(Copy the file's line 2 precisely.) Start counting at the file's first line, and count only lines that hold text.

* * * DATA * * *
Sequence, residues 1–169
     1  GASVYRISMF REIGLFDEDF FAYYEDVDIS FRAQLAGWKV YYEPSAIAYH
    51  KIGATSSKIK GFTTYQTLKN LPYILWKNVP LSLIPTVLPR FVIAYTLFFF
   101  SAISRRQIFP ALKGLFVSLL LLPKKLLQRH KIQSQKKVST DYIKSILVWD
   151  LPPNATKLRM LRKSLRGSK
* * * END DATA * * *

     1  GASVYRISMF REIGLFDEDF FAYYEDVDIS FRAQLAGWKV YYEPSAIAYH